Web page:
Now it’s sort of 10 years after that, but this is a bit different. I think the things that didn’t connect me to the Pagan path are things that are drawing me to India and Hinduism. Modern pagans are creating their own history and culture, something that is a little too close to the American experience for me (which, for some unknown and inexplicable reason, is not something I relate to easily); India is an ancient place with a rich history and tradition, and Hinduism is a big part of that. I don’t know where this puts the Episcopal church and that tradition. That has been in my family for generations, and it’s still very important. It still may be. I don’t know that yet. If I’m honest with myself, there’s a chance that I will go through this with an even stranger set of mismatched beliefs, but I feel that each journey is part of the path to God, and I am not the one to say that one is more valuable than the other. My own journey is the one that is right for me.

About HappyGoth

By day, I'm a graphic designer. By night, I'm a knitter. I'm doing my part to keep Hotlanta stylish. I imagine that if you don't already understand the title of the blog, you're probably confused and perhaps slightly annoyed, but never fear - I do have a reason (and it's a good one). Having gone to hear Stephanie Pearl McPhee, and then having been inspired to blog about knitting, I found myself wondering what to call the blog. I recalled a conversation I had with Mouse and the Chicken Goddess about why it is a Bad Idea to anger knitters - this conversation was following SPM, aka the Yarn Harlot telling the assembled throng about Those Who Do Not Understand Knitting and Therefore Belittle It Much to the Chagrin of Others, or TWDNUKTBMCO, which is not the acronym she used but is the one I'm using because I forgot hers - that is, we are numerous and we all have very pointy sticks, easily transforming into an angry mob. Therefore, knitters = angry mob.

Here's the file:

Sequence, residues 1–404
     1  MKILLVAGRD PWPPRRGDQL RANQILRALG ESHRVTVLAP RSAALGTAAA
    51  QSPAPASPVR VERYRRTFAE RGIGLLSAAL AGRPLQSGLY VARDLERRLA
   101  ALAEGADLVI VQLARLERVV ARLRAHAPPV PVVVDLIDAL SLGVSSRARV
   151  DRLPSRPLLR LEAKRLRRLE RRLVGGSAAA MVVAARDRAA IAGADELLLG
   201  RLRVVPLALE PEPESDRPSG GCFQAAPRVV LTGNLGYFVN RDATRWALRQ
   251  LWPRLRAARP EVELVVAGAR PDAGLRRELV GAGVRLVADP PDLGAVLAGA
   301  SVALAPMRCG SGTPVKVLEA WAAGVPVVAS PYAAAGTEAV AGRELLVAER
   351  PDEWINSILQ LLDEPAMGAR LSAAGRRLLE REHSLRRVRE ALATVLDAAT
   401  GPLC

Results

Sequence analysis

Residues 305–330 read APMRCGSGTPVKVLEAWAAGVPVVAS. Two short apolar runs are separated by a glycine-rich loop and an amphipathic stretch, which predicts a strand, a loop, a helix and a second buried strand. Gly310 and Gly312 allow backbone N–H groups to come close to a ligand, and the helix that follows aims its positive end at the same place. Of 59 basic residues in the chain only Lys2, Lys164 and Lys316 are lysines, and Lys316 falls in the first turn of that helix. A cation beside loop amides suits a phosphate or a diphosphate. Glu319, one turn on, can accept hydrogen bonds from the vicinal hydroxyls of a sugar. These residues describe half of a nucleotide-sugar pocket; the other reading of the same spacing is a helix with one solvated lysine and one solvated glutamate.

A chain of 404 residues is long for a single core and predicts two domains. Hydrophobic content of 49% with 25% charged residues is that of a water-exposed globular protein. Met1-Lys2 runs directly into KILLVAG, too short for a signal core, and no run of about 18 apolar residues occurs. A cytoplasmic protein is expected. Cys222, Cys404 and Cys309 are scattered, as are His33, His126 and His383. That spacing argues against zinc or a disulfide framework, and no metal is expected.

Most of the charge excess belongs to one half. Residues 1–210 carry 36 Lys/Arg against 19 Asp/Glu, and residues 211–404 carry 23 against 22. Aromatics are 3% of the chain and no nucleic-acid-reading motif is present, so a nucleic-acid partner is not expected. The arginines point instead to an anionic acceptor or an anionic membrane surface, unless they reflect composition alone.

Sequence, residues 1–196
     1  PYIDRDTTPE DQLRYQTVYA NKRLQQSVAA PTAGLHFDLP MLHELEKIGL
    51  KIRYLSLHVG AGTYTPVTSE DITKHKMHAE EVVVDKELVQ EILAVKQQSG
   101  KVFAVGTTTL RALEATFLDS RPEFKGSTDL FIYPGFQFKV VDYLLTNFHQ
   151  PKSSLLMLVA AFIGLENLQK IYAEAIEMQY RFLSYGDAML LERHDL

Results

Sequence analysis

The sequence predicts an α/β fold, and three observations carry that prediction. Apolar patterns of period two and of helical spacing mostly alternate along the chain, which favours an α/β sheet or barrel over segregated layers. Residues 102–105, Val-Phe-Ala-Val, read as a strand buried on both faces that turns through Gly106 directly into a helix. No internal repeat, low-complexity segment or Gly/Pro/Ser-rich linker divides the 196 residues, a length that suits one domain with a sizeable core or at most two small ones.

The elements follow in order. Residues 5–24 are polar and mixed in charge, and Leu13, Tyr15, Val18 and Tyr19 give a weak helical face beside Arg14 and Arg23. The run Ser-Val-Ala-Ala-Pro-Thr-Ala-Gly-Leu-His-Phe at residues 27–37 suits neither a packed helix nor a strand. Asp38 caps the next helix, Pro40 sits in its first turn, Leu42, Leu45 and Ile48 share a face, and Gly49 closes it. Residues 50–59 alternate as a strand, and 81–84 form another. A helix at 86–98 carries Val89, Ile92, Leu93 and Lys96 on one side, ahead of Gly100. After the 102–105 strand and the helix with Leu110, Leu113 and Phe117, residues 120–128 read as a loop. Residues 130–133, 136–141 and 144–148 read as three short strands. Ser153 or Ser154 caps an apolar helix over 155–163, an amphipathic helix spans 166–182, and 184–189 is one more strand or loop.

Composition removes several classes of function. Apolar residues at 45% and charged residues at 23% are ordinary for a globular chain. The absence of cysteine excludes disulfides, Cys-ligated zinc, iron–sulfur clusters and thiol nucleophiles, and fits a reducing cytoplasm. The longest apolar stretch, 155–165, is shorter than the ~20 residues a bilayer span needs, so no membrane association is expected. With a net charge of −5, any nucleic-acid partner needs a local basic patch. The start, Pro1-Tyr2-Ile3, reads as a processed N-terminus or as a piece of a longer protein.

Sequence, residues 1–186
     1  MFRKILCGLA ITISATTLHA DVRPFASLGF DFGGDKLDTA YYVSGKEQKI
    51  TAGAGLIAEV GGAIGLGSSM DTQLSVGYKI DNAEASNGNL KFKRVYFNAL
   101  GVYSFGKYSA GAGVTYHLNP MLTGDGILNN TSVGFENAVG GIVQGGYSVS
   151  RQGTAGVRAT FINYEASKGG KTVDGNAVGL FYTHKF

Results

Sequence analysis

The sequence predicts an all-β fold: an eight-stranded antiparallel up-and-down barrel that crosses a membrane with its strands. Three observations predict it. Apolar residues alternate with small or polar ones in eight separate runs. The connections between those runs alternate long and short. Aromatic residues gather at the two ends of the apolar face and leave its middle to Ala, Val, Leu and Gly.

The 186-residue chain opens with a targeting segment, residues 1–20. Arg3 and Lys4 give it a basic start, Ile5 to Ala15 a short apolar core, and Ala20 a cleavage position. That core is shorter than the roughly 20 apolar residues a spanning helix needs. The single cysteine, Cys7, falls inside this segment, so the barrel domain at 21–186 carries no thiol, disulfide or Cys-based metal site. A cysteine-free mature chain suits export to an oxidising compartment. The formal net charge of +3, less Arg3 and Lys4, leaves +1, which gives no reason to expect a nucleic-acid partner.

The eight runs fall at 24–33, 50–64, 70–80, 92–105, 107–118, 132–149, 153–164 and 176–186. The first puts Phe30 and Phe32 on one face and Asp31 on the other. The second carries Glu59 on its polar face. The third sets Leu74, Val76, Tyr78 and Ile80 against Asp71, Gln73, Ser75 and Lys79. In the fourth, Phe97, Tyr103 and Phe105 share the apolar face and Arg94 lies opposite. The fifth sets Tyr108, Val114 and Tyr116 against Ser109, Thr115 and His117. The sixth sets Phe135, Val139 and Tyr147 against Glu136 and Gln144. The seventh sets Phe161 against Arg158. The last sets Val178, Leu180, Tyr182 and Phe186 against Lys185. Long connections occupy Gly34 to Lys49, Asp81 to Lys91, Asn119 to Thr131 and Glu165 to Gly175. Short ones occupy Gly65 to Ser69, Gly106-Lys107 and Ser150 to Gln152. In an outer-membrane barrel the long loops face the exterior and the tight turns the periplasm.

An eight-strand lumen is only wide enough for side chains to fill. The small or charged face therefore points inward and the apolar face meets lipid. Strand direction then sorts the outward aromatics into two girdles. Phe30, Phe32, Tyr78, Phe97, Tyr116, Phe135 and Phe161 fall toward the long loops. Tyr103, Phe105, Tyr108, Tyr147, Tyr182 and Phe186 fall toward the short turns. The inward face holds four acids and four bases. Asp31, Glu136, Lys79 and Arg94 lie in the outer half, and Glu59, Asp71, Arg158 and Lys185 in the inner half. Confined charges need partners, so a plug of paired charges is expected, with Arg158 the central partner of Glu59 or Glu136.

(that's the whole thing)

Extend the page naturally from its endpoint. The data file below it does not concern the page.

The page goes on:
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6 Responses to I’m a special kind of nut.

  1. Jaclyn says:

    My husband and I have had many a discussion on how our religious beliefs are so very different from what mainstream Americans can understand. There are so many things out there that the “traditional” Christian church just can not explain, or wont. Like how my husband knows when I have a migraine from 100 miles away before I have said a word about it to anyone. I was often given grief growing up because my family thought it was evil that I wanted to learn about other religious beliefs. I never told them that I was trying to fill in some of the holes that I felt were still there… I never have to this day. Sadly my parents are to close-minded to understand.

    Like you I have long been fascinated with the culture of India. Mine came from the family down the street. I don’t remember their last name off the top of my head but I was friends with their son Roger when nobody else would be. Roger was extremely autistic in a time when people didn’t know what that meant at all. His mother was sweet and brought me beautiful roses from their garden every time she asked me to come over and get Roger off his Nintendo. I was one of the few who could without tears. Their home always smelled fantastic and she was pleasantly surprised when she handed me a plate of fragrant rice and chicken curry and I ate it hungrily and without pulling a face!

    I hadn’t thought about Roger and his family in a while… Thank you for stirring up that memory. And thank you for beautifully voicing a thought I had long had and didn’t know how to voice on my own!

    • HappyGoth says:

      I have this wonderful vision of a time when we can all be civil and grown-up about conversations on religion, or even forget about the differences in religion, because we realize that the religion isn’t the important thing – it’s what you do with it. At their cores, each major religion basically tells you to do good things for other people, and be happy with what you’ve got.